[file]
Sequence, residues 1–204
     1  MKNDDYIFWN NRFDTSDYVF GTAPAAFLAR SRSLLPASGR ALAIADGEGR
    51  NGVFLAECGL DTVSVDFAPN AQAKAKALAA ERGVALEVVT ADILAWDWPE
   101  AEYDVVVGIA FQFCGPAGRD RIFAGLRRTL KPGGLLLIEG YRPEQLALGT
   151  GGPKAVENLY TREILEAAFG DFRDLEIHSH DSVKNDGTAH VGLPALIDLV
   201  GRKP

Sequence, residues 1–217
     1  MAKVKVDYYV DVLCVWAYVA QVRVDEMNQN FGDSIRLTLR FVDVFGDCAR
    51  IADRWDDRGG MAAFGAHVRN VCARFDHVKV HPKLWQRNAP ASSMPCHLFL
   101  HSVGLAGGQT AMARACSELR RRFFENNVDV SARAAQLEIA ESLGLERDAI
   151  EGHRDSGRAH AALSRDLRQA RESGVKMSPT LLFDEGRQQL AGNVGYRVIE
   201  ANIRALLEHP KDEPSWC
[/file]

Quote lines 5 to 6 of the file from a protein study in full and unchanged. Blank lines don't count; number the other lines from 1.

   151  GGPKAVENLY TREILEAAFG DFRDLEIHSH DSVKNDGTAH VGLPALIDLV
   201  GRKP